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Article
March 1940

RADICAL MASTOIDECTOMY: ITS EFFECT ON HEARING

Author Affiliations

ANN ARBOR, MICH.
From the Department of Otolaryngology, University of Michigan Medical School.

Arch Otolaryngol. 1940;31(3):426-430. doi:10.1001/archotol.1940.00660010430003
Abstract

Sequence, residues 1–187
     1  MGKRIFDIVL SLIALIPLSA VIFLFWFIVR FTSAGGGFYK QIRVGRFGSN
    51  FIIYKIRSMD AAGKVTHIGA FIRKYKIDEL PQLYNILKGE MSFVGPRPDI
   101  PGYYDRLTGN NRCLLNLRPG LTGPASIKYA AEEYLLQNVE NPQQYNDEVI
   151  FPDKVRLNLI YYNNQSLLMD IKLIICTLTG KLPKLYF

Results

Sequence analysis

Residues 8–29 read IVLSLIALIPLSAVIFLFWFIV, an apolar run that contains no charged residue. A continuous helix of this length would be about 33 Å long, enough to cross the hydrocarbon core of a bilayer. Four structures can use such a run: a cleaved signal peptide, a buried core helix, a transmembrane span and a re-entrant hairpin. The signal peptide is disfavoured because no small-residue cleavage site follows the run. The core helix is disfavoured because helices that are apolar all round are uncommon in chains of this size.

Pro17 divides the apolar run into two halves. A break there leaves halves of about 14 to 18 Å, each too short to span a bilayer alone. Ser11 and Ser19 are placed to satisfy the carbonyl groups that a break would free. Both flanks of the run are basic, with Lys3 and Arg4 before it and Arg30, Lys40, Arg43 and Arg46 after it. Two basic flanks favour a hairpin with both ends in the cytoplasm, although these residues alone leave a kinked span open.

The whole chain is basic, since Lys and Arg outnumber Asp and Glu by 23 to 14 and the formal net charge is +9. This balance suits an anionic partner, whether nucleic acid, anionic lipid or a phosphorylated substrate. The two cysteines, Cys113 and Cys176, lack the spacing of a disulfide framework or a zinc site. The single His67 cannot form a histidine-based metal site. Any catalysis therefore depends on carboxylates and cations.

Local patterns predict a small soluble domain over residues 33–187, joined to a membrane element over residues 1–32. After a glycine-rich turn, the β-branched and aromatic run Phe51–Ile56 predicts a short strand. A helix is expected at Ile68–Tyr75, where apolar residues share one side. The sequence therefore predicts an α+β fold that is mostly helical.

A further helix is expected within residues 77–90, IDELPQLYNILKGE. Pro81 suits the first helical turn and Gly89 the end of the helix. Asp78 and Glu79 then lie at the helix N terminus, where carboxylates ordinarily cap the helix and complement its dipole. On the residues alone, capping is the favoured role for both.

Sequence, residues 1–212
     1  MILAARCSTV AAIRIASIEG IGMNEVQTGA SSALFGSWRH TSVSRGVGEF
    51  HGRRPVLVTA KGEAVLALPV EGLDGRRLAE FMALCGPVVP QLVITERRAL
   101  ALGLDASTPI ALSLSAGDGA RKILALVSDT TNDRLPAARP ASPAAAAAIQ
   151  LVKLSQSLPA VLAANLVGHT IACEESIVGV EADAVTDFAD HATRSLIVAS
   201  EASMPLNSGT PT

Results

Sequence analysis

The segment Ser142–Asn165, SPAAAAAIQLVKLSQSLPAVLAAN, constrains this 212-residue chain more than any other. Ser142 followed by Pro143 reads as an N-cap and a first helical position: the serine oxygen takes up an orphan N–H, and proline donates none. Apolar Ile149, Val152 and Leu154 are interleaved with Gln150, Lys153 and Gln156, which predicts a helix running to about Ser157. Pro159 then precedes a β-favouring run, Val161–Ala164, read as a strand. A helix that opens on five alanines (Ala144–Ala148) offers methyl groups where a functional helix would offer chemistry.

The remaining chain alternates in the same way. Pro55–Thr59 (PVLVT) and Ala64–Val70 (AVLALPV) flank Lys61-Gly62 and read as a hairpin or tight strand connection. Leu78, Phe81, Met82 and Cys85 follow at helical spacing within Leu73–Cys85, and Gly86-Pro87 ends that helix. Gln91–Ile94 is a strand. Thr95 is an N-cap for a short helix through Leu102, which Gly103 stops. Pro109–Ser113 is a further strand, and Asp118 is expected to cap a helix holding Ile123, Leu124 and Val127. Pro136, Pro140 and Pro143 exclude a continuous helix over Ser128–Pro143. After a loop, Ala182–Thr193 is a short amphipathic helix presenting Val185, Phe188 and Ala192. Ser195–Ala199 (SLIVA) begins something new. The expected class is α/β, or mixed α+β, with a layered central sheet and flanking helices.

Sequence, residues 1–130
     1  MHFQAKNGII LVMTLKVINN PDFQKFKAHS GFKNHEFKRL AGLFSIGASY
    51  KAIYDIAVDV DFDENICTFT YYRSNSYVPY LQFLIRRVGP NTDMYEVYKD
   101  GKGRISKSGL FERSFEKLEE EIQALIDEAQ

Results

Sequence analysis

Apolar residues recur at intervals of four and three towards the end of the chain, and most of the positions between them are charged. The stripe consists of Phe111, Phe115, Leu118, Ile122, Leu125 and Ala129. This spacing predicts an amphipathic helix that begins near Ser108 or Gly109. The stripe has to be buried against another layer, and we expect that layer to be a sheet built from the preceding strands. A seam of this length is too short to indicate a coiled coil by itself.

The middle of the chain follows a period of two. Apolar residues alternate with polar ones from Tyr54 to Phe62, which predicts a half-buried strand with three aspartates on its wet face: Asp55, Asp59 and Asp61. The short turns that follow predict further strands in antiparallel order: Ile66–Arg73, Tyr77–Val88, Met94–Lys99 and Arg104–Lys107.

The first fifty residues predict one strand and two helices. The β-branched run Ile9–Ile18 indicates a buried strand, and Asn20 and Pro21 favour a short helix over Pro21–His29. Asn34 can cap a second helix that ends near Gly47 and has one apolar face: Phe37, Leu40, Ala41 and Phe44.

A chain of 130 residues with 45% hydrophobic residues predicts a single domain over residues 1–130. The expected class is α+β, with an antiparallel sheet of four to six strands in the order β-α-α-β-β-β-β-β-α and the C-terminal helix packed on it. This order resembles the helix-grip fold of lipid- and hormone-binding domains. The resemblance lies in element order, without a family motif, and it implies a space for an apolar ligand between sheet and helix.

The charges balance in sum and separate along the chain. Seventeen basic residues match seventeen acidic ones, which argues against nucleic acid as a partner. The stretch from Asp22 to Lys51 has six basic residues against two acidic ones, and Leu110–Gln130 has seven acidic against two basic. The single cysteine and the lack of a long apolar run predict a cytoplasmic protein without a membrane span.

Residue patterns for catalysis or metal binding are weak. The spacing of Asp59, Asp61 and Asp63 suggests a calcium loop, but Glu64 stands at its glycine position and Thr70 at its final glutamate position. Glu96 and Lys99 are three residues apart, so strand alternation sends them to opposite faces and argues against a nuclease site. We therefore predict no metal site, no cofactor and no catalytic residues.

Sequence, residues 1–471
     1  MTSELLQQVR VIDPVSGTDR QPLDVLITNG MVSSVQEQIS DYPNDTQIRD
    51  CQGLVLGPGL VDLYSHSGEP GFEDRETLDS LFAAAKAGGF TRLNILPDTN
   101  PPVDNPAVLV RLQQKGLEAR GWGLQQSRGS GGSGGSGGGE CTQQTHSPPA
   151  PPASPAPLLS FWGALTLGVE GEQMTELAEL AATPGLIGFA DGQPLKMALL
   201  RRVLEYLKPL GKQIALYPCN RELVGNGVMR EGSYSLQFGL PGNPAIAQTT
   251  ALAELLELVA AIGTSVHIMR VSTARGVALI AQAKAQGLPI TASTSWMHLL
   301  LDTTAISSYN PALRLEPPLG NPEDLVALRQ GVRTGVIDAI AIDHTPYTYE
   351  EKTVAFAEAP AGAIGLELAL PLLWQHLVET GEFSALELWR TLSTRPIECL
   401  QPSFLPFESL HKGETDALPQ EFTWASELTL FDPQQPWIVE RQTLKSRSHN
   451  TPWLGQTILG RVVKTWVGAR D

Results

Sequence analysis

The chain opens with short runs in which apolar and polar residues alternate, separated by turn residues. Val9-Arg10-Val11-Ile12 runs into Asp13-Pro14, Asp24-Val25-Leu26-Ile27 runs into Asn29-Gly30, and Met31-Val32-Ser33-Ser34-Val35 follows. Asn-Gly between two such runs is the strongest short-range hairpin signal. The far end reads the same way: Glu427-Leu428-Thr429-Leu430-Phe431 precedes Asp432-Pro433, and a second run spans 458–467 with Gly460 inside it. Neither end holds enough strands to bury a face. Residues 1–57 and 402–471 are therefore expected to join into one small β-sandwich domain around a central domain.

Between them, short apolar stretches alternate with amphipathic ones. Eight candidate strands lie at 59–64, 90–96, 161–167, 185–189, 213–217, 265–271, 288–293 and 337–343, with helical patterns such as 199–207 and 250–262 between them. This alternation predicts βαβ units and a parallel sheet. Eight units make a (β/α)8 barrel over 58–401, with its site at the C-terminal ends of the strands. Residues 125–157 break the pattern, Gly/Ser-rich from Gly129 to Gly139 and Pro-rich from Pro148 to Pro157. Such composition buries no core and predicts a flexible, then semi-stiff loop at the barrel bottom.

The aural surgeon contemplating the performance of a radical mastoidectomy must ask of himself and discuss with his patient the following questions: What dangers are involved in neglecting the chronic suppuration of the ear? What chances are taken of injuring the facial nerve during the operation? What assurance can be given the patient regarding freedom from aural discharge following operation? What change will there be in the hearing? Much information is available in reference to the first three questions. The otologist can determine with considerable accuracy the imminence of dangerous complications from his knowledge of the progression of pathologic changes involved in the chronic suppurative process. He can assure his patient that, barring rare accidents and unforeseen complications, the facial muscles will retain their normal functions after operation. The pathologic changes manifest in the tympanum, the throat, the nose, the paranasal sinuses and the nasopharynx allow him to venture a

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